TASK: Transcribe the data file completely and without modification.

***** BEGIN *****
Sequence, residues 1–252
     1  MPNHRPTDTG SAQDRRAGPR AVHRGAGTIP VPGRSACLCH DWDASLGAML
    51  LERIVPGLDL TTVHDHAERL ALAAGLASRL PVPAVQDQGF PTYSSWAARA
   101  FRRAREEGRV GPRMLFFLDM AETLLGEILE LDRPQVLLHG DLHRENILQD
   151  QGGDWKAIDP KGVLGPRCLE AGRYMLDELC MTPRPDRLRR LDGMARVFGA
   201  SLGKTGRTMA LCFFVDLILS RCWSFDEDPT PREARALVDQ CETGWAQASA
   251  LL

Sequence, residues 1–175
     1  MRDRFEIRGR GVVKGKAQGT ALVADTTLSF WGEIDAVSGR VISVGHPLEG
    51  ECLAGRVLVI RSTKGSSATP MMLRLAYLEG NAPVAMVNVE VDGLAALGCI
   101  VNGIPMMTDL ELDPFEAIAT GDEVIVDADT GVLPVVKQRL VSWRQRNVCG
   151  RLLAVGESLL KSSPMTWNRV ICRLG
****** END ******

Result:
Sequence, residues 1–252
     1  MPNHRPTDTG SAQDRRAGPR AVHRGAGTIP VPGRSACLCH DWDASLGAML
    51  LERIVPGLDL TTVHDHAERL ALAAGLASRL PVPAVQDQGF PTYSSWAARA
   101  FRRAREEGRV GPRMLFFLDM AETLLGEILE LDRPQVLLHG DLHRENILQD
   151  QGGDWKAIDP KGVLGPRCLE AGRYMLDELC MTPRPDRLRR LDGMARVFGA
   201  SLGKTGRTMA LCFFVDLILS RCWSFDEDPT PREARALVDQ CETGWAQASA
   251  LL

Sequence, residues 1–175
     1  MRDRFEIRGR GVVKGKAQGT ALVADTTLSF WGEIDAVSGR VISVGHPLEG
    51  ECLAGRVLVI RSTKGSSATP MMLRLAYLEG NAPVAMVNVE VDGLAALGCI
   101  VNGIPMMTDL ELDPFEAIAT GDEVIVDADT GVLPVVKQRL VSWRQRNVCG
   151  RLLAVGESLL KSSPMTWNRV ICRLG